The Fox is the fifteenth studio album by British singer-songwriter Elton John, released in 1981. Unfortunately, it was one of Elton's poorest-selling albums in the United States, selling only about 300,000 copies.
The track, "Elton's Song", was banned from radio play in some countries due to its content, which included references to homosexuality. The album was produced by John, Clive Franks and for the first time, Chris Thomas, who would produce many more albums with John through most of the 1980s and '90s.
Five of the songs (noted below) were recorded during the sessions for his previous album 21 at 33. All B-sides released around this time were also from those sessions.
(*): Recorded in August 1979 and produced by John and Clive Franks. Chris Thomas produced the other tracks.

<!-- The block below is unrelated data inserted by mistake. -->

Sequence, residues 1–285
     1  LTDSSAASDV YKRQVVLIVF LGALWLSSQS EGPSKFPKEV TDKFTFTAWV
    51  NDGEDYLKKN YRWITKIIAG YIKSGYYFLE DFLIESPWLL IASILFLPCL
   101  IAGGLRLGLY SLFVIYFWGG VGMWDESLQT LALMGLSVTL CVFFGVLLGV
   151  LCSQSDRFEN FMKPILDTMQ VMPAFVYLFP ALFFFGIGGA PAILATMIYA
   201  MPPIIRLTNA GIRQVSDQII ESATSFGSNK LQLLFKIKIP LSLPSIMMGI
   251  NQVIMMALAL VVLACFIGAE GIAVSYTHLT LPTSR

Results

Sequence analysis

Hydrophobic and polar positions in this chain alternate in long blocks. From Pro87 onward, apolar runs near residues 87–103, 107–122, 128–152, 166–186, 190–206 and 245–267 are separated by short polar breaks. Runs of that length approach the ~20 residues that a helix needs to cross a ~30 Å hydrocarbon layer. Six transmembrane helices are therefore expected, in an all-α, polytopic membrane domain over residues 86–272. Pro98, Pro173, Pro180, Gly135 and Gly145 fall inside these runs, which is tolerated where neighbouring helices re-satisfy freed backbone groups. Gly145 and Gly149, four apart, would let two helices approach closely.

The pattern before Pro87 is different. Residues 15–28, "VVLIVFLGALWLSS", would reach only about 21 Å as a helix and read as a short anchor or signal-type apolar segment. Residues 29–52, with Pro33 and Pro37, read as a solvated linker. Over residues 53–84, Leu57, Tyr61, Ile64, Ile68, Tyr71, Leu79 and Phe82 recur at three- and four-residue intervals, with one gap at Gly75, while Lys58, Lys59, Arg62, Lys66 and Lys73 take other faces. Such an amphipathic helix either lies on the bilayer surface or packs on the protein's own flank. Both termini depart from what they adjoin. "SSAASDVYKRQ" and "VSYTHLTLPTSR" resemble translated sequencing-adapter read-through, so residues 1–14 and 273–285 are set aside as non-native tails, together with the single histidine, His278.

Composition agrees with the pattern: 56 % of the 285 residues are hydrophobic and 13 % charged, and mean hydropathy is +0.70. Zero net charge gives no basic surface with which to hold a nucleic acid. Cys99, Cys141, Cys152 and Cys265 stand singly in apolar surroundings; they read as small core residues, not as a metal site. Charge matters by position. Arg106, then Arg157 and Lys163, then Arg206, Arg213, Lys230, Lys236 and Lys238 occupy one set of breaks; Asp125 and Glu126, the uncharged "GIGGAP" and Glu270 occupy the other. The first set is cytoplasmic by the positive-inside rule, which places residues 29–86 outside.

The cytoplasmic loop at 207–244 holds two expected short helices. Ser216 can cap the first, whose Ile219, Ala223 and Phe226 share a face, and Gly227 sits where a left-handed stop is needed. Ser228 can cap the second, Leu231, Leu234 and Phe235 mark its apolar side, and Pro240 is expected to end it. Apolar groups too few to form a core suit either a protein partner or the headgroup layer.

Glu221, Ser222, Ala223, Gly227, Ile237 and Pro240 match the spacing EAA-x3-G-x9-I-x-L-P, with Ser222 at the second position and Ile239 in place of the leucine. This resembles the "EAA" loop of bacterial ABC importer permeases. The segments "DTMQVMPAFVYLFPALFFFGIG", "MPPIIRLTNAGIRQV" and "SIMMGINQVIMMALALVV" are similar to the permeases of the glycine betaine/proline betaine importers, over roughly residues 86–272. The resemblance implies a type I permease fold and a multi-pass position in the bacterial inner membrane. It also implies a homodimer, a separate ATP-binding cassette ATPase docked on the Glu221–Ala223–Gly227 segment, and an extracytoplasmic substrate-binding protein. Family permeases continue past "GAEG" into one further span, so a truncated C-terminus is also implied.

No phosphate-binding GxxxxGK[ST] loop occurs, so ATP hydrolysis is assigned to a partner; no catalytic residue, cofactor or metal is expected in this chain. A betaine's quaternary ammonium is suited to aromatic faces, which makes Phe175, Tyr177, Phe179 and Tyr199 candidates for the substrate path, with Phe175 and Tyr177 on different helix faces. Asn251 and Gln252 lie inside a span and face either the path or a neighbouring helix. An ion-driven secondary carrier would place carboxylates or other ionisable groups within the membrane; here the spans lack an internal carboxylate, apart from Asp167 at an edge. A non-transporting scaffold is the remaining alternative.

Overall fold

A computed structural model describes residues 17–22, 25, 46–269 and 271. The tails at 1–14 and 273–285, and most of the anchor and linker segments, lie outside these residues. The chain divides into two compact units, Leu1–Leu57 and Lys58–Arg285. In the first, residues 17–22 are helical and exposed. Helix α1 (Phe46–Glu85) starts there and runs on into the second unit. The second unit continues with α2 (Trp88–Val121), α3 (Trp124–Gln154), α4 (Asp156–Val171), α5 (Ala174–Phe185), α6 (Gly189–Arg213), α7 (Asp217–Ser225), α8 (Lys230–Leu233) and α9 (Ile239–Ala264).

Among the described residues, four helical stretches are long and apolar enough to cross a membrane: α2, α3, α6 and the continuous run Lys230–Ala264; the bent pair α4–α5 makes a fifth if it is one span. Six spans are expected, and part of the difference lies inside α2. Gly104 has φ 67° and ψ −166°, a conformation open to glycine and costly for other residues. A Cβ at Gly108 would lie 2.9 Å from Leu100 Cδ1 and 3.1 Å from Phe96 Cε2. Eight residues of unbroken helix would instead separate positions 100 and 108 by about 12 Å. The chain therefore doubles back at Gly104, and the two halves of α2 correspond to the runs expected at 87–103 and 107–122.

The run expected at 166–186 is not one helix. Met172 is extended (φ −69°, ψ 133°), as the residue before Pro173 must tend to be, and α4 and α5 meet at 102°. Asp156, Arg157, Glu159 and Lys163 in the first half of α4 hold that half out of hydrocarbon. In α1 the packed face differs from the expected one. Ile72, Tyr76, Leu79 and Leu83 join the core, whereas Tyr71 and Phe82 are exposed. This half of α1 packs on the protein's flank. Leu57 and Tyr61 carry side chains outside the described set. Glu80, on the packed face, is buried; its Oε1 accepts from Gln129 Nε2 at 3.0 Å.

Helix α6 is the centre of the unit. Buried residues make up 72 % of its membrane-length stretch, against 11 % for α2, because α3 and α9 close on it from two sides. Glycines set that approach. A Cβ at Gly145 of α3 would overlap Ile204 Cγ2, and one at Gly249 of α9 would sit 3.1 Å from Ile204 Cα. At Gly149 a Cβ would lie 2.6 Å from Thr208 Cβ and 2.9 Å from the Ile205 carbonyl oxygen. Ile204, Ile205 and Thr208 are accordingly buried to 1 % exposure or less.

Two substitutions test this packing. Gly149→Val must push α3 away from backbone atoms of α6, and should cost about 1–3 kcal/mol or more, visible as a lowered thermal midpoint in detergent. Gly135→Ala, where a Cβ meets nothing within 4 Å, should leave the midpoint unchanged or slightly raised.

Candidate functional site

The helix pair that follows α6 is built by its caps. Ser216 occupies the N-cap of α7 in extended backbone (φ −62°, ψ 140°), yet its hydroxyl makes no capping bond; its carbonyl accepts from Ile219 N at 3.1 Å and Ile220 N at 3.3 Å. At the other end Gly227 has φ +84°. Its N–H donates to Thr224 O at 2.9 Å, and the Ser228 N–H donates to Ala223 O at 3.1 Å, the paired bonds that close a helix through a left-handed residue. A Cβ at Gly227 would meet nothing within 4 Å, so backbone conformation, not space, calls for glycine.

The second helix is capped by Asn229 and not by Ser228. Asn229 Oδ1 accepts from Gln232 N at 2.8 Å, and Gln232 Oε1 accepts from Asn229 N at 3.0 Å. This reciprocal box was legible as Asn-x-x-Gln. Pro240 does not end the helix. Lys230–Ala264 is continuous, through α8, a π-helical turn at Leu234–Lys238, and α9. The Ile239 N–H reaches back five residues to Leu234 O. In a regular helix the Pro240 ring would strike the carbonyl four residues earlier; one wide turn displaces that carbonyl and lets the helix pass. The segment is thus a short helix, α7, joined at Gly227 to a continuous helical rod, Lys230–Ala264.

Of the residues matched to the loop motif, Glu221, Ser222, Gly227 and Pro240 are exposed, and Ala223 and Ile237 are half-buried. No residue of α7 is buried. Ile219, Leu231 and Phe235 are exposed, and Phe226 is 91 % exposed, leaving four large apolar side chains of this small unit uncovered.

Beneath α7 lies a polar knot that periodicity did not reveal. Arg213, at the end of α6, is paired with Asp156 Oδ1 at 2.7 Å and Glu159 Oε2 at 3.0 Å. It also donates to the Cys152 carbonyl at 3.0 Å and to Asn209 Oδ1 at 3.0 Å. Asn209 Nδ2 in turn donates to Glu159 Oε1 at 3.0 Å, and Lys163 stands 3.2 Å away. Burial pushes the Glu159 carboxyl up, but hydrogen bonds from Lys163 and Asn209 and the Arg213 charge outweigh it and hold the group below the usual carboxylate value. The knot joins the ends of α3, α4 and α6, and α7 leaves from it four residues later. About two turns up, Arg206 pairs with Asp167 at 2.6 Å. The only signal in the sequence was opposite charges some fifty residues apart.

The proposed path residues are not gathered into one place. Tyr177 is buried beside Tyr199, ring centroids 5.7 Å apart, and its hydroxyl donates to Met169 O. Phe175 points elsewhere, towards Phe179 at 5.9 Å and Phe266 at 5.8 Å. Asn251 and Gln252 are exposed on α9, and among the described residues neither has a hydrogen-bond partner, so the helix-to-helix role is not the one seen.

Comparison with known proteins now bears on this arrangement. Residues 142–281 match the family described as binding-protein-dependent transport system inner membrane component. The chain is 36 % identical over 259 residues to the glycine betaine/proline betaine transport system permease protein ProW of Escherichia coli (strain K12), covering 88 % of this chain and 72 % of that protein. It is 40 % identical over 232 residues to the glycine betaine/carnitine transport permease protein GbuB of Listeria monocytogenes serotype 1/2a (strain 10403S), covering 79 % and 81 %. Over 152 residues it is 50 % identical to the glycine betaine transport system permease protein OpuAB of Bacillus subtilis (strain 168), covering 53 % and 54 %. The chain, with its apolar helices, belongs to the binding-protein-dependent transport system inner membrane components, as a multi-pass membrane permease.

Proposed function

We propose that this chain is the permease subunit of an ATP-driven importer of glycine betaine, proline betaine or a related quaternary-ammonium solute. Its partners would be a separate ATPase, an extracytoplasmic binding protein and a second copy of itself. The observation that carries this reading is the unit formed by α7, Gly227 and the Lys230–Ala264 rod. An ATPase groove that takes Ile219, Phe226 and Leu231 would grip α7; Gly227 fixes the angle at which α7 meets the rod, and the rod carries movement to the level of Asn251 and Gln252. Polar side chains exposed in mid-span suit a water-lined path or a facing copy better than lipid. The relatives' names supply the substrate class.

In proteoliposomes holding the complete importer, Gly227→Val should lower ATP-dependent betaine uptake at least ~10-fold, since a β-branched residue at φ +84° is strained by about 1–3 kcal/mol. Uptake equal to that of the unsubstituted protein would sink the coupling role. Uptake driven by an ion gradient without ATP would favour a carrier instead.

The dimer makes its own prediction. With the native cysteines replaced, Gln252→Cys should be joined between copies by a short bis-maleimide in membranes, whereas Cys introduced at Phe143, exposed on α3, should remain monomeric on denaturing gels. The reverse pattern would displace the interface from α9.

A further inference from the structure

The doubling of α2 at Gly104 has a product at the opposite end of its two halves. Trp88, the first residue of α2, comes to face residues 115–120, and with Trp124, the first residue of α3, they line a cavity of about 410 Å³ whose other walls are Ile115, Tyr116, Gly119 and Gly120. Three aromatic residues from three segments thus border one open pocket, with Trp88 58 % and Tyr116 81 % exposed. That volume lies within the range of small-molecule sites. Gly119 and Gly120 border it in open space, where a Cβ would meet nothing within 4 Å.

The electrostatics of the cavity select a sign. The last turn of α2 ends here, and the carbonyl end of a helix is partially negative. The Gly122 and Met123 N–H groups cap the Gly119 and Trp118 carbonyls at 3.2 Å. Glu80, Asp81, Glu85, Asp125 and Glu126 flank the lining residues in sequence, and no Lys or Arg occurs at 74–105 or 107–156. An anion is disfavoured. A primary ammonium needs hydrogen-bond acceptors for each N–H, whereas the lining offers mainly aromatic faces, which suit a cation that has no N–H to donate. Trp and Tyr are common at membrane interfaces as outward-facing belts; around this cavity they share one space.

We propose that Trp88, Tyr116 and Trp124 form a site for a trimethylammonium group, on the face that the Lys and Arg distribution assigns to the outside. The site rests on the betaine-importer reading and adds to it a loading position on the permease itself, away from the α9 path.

In 2003, Mercury/Universal and The Rocket Record Company reissued the album on CD, remastered by Gary Moore. The line-up contained no bonus tracks. On the 2003 reissue and remaster (and European) CD, "Carla/Etude", "Fanfare" and "Chloe" are combined into one track, making it a nine-track album.
French and Quebec releases of the album included "J'Veux de la Tendresse" in place of "Nobody Wins". "Tendresse" was the original French version of the song which Osborne wrote English lyrics for, thus transforming the song into "Nobody Wins".
Visions, released on VHS in 1982, is a video of all ten songs recorded for The Fox album. It is notable as one of the first long-form video releases of an album. The collection was also released on RCA's CED digital video disc, a precursor to the Laserdisc and DVD, but has not been released since. One of the videos, for the song "Elton's Song", dealt with a teenager's admiration of another teenage boy he yearns for, but is too shy to confront—it was excluded from the UK video release, because the public school it was filmed at objected to the theme of the song. All the videos were directed by Russell Mulcahy.